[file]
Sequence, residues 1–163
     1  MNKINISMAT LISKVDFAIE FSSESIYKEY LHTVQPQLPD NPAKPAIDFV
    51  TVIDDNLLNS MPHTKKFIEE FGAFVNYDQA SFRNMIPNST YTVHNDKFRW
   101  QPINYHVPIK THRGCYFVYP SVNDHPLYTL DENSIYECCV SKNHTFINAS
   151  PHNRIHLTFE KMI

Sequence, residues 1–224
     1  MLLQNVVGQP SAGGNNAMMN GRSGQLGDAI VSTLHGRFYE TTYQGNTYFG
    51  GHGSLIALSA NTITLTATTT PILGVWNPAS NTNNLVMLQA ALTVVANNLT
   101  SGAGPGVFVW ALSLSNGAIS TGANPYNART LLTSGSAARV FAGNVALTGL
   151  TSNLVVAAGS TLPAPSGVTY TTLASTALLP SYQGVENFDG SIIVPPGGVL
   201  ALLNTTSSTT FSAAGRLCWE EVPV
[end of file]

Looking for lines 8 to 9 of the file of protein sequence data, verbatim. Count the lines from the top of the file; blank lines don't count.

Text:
    51  GHGSLIALSA NTITLTATTT PILGVWNPAS NTNNLVMLQA ALTVVANNLT
   101  SGAGPGVFVW ALSLSNGAIS TGANPYNART LLTSGSAARV FAGNVALTGL